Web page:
Looking to improve your credit score?
Credit scores are no longer just about whether or not you can take out a mortgage on a house, get yourself a credit card, or be approved for a personal loan.
Nope, credit scores also affect your ability to sign up for phone contracts, cover your car with monthly insurance, or even take advantage of high-interest bank accounts.
Therefore, it’s fairly obvious, your credit scores remain squeaky clean.
If not, life is going to become dramatically harder.
A bad credit score will affect your ability to get a various range of loans approved, you may find it difficult to be approved for housing rentals, and you may even be denied some job opportunities.
The question is then, if you’ve previously had bad credit or simply wish to improve your credit score, how do you achieve this?
Well, read on, as this is what we are going to explore in this article.
What Is A Credit Score?
For those that are unsure, a credit score is formulated from information that is lodged in your credit report or credit file.
Typically, your file will include:
- your personal information,
- previous credit applications,
- late or missed payments, if any,
- if you have any financial links to other people (joint bank accounts, joint mortgages, other loans, etc.)
- current money you owe to other lenders, if any,
- or if you have previously claimed bankruptcy.
The information held within this report is used by lenders to decide whether:
- to lend to you,
- how much to lend to you,
- and how much interest to charge you.
It is important to note that the most recent information on your credit score will have the most impact on your borrowing ability. However, your financial decisions from up to 6 years previously, good or bad, will still remain on your record for lenders to view.
So, how do you improve this score?
Let’s take a look.
1. Amend Any Mistakes That Are Currently Plaguing Your Credit Score
Having incorrect information stored on your credit report can be very damaging to your credit score, therefore, it is obviously within your best interests to have this information amended.
You can do this from a number of different avenues, the easiest is to use the services of a credit score checker company. These companies will allow you to check your credit score once a year free of charge. If, however, you wish to obtain a copy of your credit score more than once they will likely charge you a fee.
From there, you will have to contact any lenders that have mistakably put a negative mark on your credit score.
2. Use Your Credit Card Regularly But Responsibly
Using a previously approved credit card in a responsible and frequent manner is an easy way to improve your credit score.
Keeping your credit card active, by frequently using it on small purchases and paying off the end of month bill on time, will make you appear much more attractive to lenders.
This will, in turn, improve your credit score as it demonstrates your ability to pay back the money you borrow in a timely and reliable manner.
3. Avoid Making Multiple Credit Applications Within A Short Period Of Time
When applying for credit a mark is left on your credit report. If you make too many of these applications, particularly in a short period of time, it may negatively impact your credit score.
Lenders don’t want to borrow money to people who are consistently rejected for credit. It shows a lack of confidence in your ability to pay back money that is lent to you. Therefore, if your application for credit is rejected, it is a good idea to allow a period of cool down before you apply again.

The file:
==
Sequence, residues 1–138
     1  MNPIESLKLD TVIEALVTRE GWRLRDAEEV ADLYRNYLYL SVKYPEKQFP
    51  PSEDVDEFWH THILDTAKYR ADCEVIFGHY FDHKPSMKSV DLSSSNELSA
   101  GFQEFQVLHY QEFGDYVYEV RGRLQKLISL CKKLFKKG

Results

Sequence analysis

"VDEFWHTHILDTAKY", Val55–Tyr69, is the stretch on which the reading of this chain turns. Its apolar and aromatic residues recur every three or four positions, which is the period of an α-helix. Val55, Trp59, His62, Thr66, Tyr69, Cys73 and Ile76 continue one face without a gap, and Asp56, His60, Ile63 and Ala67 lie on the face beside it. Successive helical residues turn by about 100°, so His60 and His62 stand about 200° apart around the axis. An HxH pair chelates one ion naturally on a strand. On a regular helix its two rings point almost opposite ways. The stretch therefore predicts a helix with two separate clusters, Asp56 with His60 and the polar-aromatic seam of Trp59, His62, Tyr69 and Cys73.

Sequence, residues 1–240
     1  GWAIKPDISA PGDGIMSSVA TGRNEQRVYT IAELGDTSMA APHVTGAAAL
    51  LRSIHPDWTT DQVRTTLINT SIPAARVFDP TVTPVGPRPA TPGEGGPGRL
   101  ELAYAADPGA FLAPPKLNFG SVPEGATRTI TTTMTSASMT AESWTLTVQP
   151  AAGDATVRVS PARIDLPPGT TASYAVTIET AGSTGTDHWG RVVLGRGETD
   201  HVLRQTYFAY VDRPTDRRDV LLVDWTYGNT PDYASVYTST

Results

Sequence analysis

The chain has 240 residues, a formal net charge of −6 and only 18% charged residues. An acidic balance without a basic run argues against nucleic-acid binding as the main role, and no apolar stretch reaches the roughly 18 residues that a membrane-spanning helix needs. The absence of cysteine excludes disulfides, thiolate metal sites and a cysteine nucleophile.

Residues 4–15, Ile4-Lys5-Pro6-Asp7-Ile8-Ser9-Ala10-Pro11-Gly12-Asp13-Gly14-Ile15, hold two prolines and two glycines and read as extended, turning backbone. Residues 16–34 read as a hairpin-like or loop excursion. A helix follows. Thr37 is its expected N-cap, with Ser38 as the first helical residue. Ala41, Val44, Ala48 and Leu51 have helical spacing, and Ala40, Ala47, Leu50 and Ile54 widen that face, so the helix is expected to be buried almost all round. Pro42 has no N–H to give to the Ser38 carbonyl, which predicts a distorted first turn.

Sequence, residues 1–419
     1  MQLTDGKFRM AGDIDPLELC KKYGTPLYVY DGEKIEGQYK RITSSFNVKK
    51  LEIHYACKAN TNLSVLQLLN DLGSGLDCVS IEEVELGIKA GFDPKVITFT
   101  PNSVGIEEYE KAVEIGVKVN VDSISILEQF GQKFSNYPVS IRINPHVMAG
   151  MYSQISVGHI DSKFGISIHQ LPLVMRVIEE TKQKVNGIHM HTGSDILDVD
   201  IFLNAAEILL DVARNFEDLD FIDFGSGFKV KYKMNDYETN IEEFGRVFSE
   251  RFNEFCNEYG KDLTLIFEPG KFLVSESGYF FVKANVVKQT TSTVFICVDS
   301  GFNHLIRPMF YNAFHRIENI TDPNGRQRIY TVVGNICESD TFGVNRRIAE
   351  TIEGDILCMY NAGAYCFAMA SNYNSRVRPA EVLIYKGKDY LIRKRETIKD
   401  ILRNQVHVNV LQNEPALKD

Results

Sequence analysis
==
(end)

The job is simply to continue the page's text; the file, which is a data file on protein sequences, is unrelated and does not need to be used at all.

If necessary, utilize those credit checker companies to make sure your credit isn’t being affected by rejected applications.
4. Put Your Name Down On A Few Utility Bills
Utility bills, electricity, water, phone or internet services, all count as forms of credit. Credit that demonstrates you are able to pay bills on time showing lenders you are a reliable borrower.
This is an easy way to increase your credit score and will boost your chances that lenders will trust you with credit in the future.
5. Keep An Eye Out For Identity Fraud
Identity fraud is becoming a big issue, once it was uncommon but now, with your information being stored online in multiple locations, it has become a serious threat to your credit score. If someone does happen to get hold of your detail, they could potentially damage your name and possibly affect your chances of being approved credit.
To avoid this, again, check your credit report frequently.
And if you happen to notice anything suspicious?
You should immediately report the fraudulent activity to your local authorities.
6. Register To Vote
Depending on where you live will affect if voting is mandatory. If you live a country where voting isn’t mandatory and you aren’t already on the electoral roll, it’s a good idea that you sign up as it is much harder to get accepted for credit if you are not.
This is simply because it is much easier for lenders to identify you and check your credit score if you are on the electoral roll. The easier lenders can check your credit and gain access to your information the more likely they are to lend you money.
Do you know another great way to improve your credit score?
By keeping on top of your finances. That way you’ll never miss a due date for utility bills, you’ll always have plenty of money to pay your monthly credit card balance, and you also won’t have to borrow large amounts of money, reducing the risk your credit applications will be rejected.
And what’s a super-easy way you stay on top of your finances?
To employ the help of Emma, of course.
Emma is a money management app that will help you keep on top of your monthly budget. She will help you take control of your finances, check your credit card balance, keep your unnecessary purchases in check, highlight any sneaky banking fees and track debt repayments.